Being a new chicken herder myself, I was asking that very question not that long ago. Chickens don't exactly sit still while you pour powder on them. I had visions of making Shake n' Bake. (Ahem..we'll talk more about that in a minute.)
So off I went to ask the wonderful and mysterious Great Google and found some real gems that I thought I would share with you would-be chicken owners.
Let's start first with what a mite infestation looks like:
Isn't that just awful?
It's a good idea to inspect your chickens for lice or mites carefully every couple of weeks so it doesn't get out of hand if they do pick up these pests. You'll have to look closely near their vent area (that's their poop chute for you newbies) and under their wings. Mites or teeny tiny and will be hard to see. Lice are much easier - look near the base of the feathers for clusters of eggs.
Mites like to hide in the cracks and crevices of the coop and then come out to feed at night. If your girls are stomping on the roost, you may have mites. I recommend checking them at night because they're less likely to raise a fuss and the mites will be more active and easy to see.
If you find mites, the best treatment is to clean out the coop completely and then dust it, the roost and the chickens. You'll have to repeat this in 10 days or so and possibly beyond that if you have a serious infestation.
I use diatomaceous earth, which is very fine granite powder that cuts into the mite's or lice's exoskeleton and kills it. It's completely harmless to the bird. Some folks recommend dusting with Sevin dust, but Sevin is known to harm honey bees and it clearly states on the container that it is harmful to domestic animals. The chemicals could leech through the bird's skin and find its way into the eggs, so please be aware of that. For those reasons, I personally choose not to use it on my chooks but I know there are lots who do. Another option is common cat or dog flea powder containing permethrine, but that's also a toxin that could get into the eggs. I've been very successful with DE, so I'm going to stick to that for now.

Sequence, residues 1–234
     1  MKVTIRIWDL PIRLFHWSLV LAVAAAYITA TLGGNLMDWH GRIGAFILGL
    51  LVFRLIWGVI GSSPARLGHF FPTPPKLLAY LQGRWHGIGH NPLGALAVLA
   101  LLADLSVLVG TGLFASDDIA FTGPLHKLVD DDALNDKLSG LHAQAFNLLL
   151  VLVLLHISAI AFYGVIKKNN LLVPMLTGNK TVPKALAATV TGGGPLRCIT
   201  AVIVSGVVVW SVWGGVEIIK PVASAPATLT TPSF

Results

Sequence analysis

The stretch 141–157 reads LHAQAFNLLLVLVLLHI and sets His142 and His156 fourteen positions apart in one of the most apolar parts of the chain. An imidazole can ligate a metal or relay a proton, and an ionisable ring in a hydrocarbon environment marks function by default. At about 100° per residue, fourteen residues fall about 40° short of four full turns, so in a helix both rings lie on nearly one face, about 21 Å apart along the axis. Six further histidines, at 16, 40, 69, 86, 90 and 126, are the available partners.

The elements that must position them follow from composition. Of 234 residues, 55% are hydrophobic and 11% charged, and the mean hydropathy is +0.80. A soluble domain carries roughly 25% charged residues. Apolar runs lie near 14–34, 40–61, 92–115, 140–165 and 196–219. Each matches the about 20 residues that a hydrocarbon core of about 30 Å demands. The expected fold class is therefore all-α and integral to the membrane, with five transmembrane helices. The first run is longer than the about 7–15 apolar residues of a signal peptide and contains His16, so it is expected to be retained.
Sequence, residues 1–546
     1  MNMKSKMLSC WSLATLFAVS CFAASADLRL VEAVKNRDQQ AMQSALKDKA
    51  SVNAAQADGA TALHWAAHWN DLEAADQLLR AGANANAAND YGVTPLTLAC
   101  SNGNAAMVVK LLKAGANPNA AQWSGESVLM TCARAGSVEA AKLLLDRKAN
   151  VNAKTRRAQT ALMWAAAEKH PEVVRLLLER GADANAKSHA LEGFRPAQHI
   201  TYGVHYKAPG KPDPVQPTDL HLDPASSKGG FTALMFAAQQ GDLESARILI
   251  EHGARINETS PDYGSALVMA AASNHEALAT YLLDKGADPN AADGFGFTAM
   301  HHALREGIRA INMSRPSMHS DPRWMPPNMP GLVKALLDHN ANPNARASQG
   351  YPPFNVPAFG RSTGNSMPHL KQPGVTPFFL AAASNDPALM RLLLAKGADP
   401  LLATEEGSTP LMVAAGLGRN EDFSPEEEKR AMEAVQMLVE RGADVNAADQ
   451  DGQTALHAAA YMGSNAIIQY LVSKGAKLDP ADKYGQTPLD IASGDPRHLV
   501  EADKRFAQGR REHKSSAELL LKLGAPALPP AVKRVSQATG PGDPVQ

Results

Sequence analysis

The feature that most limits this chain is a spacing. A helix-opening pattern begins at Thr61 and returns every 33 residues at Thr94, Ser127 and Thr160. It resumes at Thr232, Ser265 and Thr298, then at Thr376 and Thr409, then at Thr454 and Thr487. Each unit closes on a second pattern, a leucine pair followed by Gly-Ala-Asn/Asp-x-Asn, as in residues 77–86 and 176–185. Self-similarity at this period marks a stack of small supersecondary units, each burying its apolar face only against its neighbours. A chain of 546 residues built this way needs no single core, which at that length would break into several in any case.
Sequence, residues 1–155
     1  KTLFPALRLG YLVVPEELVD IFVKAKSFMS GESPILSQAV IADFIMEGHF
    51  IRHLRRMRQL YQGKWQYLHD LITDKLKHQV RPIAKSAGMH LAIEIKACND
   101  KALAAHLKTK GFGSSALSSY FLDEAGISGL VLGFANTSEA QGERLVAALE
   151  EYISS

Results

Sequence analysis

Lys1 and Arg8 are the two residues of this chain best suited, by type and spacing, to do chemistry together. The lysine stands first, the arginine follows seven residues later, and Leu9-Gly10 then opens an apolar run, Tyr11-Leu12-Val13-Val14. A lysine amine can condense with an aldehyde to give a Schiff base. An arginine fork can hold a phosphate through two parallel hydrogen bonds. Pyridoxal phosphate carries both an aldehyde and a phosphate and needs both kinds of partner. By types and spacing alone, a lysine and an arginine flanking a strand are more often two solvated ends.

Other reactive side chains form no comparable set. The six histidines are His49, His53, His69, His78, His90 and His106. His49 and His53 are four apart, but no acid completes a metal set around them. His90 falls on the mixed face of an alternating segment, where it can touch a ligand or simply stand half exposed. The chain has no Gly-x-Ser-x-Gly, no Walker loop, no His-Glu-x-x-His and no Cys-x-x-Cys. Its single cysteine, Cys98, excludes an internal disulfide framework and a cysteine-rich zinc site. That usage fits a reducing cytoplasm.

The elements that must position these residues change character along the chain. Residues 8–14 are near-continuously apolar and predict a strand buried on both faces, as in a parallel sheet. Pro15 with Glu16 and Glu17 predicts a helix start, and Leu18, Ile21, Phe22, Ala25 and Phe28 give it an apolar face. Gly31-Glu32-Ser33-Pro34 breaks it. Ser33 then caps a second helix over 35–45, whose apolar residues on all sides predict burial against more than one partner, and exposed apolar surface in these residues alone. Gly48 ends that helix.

Before I saw this video, I had just been dusting the chickens and then fluffing it through their feathers as best I could. It wasn't easy to get the powder up under their feathers this way and I usually ended up with more of it on me than on the chicken. So I was fascinated by how he flipped the chicken upside down and it was completely docile. I just had to try it out this weekend and it worked!
Oh, and that "shake n bake" method I was thinking about? I wasn't the only one that had that idea. Here it is on video:
One other thing I would add that these videos don't show: you really should wear a bandana or some other kind of protection over your mouth and nose when you do this, particularly in the confined space of the coop. Breathing those fine dusts in can cause some respiratory issues, so best to just avoid it.
I hope you found these videos as useful (and laughable) as I did!
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